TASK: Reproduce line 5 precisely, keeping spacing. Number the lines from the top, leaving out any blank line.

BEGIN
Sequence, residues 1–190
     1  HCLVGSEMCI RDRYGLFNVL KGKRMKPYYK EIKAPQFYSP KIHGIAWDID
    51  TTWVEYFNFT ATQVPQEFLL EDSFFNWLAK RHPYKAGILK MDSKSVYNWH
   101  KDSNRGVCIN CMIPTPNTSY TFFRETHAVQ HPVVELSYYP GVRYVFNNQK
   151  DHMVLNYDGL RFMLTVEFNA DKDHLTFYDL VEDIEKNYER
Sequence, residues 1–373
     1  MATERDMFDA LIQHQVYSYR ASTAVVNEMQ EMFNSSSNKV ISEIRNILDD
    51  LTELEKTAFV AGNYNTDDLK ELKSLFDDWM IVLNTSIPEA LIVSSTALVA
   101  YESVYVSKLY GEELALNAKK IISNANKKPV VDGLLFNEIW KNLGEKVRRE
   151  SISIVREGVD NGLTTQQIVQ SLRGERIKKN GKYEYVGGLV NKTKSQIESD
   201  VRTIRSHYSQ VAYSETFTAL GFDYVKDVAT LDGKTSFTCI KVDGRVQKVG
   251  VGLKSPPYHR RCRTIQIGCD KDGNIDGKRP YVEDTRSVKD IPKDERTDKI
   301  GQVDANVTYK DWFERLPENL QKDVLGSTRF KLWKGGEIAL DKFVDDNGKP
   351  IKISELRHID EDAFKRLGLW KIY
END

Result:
   151  DHMVLNYDGL RFMLTVEFNA DKDHLTFYDL VEDIEKNYER